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The 1900s:

April 2023
1min read

“A Man With a Hobby Is Universally Shunned”


Etiquette is not a servile yielding up of one’s individuality, or a mere cold formality. It is rather the beautiful frame which is placed around a valuable picture to prevent its being marred or defaced.

Etiquette throws a protection around the well-bred, keeping the coarse and disagreeable at a distance, and punishing those who violate her dictates, with banishment from the social circle.


We have seen a family of children compelled to pass the ordeal of kissing every guest in a room when the hour for retiring arrives. It is a senseless custom, and often creates disgust on both sides.


It is a foolish practice for ladies to kiss each other every time they meet, particularly on the street. It is positively vulgar and a refined woman shrinks from any act which makes her conspicuous. It belongs rather to the period of “gush” natural to very young girls, and should be discouraged on physiological grounds if no other. Many times a contagious disease has been conveyed in a kiss. Let promiscuous kissing be consigned to the tomb of oblivion.


The most exquisite quality necessary to a good talker is tact. It is a fine gift to know just how to talk, to whom, and what is exactly the right thing to say on all occasions. It is only people of the most delicate perceptions who possess this gift, but it can and should be cultivated. To the author it is a neat compliment to express a fondness for books—not his particular books, for that would savor of broad flattery, and be offensive. The lady whose heart is in her household cares will incite you to talk sympathetically with her of the delights of home. To the business man you can find something to say of stocks, per cents, and he will vote you a smart fellow. The good talker must be “All things to all men.”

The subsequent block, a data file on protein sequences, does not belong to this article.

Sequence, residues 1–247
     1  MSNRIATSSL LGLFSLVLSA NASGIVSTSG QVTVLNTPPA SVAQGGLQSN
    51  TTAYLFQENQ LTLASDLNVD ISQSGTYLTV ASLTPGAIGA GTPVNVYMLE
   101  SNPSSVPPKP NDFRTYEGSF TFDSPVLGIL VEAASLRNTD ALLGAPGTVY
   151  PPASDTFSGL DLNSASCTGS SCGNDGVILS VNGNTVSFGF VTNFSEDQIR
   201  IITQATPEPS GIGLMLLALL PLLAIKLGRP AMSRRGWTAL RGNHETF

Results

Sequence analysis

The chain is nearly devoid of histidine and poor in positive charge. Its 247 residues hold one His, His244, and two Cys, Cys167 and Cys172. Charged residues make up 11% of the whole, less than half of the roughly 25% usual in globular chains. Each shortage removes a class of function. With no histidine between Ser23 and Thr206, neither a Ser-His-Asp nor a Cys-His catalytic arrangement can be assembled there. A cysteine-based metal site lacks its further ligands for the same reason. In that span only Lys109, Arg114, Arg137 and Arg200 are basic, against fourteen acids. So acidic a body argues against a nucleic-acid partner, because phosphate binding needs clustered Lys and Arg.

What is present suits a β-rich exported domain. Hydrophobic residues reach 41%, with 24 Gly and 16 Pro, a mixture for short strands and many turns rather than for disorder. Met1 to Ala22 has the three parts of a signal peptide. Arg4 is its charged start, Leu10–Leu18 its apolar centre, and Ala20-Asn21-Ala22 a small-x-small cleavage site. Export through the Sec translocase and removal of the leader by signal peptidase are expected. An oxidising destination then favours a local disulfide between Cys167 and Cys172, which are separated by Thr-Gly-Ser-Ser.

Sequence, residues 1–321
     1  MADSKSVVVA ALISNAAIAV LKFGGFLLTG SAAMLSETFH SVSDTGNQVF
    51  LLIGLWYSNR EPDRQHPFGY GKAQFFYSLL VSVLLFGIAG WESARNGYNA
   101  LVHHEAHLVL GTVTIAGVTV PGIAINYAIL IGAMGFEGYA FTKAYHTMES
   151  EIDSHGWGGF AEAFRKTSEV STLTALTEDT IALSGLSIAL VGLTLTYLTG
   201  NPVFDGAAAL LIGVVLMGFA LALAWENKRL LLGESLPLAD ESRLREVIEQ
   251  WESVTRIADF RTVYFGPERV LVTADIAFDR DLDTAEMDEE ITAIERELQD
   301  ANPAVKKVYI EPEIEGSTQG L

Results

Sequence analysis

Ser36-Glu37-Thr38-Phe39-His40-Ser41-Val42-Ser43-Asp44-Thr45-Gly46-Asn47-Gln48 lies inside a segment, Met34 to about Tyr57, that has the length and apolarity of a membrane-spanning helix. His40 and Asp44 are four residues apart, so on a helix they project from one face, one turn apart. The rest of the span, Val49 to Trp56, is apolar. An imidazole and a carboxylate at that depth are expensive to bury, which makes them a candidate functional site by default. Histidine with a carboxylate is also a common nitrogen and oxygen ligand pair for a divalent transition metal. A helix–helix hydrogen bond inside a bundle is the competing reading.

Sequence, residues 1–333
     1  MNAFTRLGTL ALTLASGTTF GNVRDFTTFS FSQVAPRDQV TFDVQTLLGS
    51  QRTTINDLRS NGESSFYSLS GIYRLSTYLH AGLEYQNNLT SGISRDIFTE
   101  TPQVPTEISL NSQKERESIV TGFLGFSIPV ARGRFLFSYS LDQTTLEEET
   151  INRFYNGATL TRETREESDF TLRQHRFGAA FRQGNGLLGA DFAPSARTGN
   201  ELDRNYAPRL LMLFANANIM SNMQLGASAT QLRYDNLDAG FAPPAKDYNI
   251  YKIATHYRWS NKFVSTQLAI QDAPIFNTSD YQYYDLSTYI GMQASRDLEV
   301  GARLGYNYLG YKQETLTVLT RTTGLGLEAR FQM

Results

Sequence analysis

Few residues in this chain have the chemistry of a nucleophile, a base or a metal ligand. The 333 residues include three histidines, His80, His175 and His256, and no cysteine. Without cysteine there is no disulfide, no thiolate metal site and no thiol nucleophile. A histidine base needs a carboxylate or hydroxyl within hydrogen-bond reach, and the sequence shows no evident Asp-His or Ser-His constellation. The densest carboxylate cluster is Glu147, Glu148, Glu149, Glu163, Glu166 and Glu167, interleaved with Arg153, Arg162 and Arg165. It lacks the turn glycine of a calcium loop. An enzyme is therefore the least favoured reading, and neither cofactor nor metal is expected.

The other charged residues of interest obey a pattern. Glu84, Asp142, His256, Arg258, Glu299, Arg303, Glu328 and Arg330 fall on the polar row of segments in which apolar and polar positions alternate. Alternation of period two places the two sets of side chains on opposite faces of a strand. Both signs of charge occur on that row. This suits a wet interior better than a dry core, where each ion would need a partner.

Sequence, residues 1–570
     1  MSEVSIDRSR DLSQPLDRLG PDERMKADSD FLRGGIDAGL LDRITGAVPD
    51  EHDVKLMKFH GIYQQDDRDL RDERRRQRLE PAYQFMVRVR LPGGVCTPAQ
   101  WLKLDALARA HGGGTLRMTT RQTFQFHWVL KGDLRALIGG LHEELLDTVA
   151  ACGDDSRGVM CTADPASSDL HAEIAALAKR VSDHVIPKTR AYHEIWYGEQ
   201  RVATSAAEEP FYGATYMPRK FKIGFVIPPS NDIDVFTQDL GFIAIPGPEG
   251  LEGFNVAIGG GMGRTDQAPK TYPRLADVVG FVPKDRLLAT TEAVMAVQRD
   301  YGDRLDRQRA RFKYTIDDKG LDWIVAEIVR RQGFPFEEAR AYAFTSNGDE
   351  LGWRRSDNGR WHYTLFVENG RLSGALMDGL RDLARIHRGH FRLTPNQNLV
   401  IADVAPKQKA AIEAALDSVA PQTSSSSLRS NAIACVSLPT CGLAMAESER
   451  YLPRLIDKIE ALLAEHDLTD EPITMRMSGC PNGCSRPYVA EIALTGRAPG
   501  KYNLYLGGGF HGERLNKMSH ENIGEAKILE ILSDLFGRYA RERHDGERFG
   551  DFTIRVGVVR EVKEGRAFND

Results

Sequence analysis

A man with a hobby is universally shunned. He cares for nothing save the one idea which engrosses all his time. He will not engage in conversation on any topic save one, and will adroitly lead all the company up to his train of thought. He never receives credit for the intelligence which he really possesses, for he wearies his listeners and will brook no contradiction. Beware of a hobby. The possession of one will impair your usefulness.


Do not assume a blasé demeanor. No one likes a young man who affects to have drained the chalice of life ere he has even sipped it. The greatest charm either man or woman can possess is that gay good nature and brilliant spirits that belong by rights to youth. And the young man who tries to appear much older than he is in his life experiences will certainly disenchant, rather than attract; indeed, he will arouse suspicion rather than confidence.

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